What are the Investment Requirements for an EB5?
The minimum investment requirement for an EB5 visa is $800,000 in Targeted Employment Areas (TEAs), doubling to $1,050,000 outside of a TEA. As of the end of June 2021, a federal judge ruling has caused the minimum investment amount to drop to $800,000 in Targeted Employment Areas, doubling to $1,050,000 elsewhere. To avail yourself of the reduced investment amount – you must contact us immediately as the time window to do so is very narrow
Capital means cash, equipment, inventory, other tangible property, cash equivalents and indebtedness secured by assets owned by the alien entrepreneur, provided that the alien entrepreneur is personally and primarily liable and that the assets of the new commercial enterprise upon which the petition is based are not used to secure any of the indebtedness. All capital shall be valued at fair-market value in United States dollars. Assets acquired, directly or indirectly, by unlawful means (such as criminal activities) shall not be considered capital for the purposes of section 203(b)(5) of the Act.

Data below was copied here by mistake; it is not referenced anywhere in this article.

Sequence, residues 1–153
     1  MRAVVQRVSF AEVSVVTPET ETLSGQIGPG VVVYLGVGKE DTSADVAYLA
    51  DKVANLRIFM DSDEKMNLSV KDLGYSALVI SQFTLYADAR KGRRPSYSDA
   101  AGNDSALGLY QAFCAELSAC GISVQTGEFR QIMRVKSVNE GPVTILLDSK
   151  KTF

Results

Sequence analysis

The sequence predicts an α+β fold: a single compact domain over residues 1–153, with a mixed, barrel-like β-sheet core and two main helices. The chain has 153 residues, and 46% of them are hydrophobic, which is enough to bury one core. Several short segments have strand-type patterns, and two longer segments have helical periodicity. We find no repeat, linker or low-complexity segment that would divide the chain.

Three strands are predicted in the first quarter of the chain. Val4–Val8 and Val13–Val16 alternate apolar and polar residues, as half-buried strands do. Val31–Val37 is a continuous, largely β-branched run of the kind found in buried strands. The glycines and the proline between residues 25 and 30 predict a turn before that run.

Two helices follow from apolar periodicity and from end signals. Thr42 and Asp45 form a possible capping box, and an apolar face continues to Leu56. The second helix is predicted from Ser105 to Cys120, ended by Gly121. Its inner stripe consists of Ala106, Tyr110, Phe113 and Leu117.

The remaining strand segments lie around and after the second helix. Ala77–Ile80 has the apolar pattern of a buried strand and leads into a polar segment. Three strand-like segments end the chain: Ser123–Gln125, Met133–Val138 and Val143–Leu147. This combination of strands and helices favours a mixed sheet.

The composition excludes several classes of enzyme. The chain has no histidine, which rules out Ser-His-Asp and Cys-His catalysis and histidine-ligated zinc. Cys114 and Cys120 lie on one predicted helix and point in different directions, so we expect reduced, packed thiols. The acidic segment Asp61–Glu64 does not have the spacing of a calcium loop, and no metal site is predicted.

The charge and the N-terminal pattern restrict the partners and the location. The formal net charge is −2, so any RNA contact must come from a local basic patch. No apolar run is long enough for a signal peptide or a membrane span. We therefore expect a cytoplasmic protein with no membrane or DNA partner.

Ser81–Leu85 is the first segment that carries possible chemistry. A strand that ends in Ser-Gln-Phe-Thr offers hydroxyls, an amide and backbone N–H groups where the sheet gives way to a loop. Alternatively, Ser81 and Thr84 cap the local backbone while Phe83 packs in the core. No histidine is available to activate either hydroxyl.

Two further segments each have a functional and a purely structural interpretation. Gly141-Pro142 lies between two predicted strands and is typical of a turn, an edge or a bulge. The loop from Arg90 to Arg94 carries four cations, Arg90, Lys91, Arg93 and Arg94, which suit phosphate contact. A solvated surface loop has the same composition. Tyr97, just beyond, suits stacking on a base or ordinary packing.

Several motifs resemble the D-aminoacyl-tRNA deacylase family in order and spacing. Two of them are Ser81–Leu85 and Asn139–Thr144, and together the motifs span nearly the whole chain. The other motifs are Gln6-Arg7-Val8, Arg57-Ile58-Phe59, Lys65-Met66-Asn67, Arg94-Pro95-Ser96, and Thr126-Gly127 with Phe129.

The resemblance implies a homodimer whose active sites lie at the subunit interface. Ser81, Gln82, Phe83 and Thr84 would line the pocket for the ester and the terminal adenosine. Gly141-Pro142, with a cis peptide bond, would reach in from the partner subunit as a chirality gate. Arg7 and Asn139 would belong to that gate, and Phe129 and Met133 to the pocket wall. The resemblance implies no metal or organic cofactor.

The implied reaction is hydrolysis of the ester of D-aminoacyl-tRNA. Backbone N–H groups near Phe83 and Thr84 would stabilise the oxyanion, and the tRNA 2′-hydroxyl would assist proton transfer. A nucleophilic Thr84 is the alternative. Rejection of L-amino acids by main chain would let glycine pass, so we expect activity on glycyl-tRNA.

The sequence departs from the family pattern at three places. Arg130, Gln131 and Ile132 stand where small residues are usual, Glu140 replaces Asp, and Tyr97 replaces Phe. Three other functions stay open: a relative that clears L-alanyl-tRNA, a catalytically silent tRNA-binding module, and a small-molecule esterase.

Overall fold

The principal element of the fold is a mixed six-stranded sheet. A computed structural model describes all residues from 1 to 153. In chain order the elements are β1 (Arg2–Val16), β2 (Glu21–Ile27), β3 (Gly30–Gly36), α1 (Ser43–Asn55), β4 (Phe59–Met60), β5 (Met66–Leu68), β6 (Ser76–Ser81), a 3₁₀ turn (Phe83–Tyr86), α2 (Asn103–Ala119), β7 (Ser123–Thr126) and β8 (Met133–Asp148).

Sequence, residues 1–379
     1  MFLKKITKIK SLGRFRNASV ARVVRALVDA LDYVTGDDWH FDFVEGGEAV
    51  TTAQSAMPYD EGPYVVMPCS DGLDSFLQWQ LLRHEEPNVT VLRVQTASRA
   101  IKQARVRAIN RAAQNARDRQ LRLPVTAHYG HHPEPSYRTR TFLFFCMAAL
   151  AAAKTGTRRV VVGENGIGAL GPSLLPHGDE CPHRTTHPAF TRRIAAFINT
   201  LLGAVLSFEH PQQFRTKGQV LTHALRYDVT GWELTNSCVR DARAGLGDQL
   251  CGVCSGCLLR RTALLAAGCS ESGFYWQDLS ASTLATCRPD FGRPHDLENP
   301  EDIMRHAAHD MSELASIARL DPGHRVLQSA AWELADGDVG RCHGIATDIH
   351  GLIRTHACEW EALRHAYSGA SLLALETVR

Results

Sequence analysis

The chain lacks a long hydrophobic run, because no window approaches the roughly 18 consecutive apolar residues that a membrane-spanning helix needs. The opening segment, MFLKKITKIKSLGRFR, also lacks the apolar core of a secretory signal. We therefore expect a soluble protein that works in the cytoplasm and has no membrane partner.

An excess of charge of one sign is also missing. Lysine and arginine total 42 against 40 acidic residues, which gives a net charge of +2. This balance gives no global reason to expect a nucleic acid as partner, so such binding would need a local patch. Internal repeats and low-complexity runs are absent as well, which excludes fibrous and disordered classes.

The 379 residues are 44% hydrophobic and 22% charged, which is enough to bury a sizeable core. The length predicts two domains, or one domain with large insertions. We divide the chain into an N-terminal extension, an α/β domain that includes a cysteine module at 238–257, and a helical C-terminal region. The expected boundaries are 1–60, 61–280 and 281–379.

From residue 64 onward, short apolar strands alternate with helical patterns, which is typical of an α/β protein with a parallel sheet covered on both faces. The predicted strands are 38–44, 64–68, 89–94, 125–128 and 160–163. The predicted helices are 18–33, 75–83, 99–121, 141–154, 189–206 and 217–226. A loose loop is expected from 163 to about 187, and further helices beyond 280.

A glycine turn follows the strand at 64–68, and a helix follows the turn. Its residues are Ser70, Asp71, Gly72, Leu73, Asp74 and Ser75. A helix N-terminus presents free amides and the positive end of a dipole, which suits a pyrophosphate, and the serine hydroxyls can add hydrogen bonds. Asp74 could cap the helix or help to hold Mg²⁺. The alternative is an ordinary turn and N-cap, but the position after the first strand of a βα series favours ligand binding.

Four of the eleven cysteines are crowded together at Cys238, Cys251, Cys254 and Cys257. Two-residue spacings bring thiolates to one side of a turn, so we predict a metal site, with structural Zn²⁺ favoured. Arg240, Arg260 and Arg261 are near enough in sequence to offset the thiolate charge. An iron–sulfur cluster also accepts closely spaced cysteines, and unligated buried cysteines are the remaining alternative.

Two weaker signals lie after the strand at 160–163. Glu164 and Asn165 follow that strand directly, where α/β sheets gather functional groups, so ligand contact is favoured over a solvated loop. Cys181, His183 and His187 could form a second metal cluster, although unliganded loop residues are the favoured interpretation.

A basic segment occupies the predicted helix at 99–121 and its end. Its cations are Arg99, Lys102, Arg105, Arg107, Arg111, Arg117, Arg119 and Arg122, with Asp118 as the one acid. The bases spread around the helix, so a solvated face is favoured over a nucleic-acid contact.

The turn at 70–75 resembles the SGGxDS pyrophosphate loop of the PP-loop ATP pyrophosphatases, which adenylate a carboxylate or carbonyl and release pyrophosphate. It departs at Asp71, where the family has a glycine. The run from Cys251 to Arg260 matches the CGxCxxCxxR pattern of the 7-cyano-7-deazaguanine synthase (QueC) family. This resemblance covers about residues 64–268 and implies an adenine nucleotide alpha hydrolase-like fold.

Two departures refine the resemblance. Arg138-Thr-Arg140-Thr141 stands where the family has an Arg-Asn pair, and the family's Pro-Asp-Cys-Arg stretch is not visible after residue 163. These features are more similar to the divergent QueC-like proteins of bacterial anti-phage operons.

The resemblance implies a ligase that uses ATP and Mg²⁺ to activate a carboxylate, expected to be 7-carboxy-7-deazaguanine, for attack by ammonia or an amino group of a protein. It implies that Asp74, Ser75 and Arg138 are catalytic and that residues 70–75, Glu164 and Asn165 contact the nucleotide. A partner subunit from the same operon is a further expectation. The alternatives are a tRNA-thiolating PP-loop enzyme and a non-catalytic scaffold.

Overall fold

Note: Investment capital cannot be borrowed.
Required minimum investments are:
- General. The minimum qualifying investment in the United States is $1,050,000.
- Targeted Employment Area (High Unemployment or Rural Area). The minimum qualifying investment either within a high-unemployment area or rural area in the United States is $800,000.
A targeted employment area is an area that, at the time of investment, is a rural area or an area experiencing unemployment of at least 150 percent of the national average rate.Return to Menu Contact Us
Source of funds for EB5
EB5 applicants must be able to prove that the source of the funds used to pay for their investment come from legitimate sources. Davies & Associates will look at your asset base and identify the best options for your EB5 application. This might include:
- Property Sales
- Commercial Sales
What is form I-526?
Form I-526 is called the Immigrant Petition by Alien Investor. It is essentially your EB5 application form where you also document your source of funds. Your application will be evaluated by USCIS on the basis of this form. Your immigration attorney will help you fill out and file your Form I-526.Return to Menu Contact Us
What is form I-829?
Form I-829 is the petition by investor to remove conditions on permanent resident status. This is the point at which an EB5 visa holder must apply to have the conditions on their Green Card removed. A successful EB5 applicant will be initially be granted conditional residency for two years and this cannot be renewed. You must apply to remove the conditions on your Green Card within 90 days before this two-year time period has elapsed.Return to Menu Contact Us
What is a Targeted Employment Area (TEA)?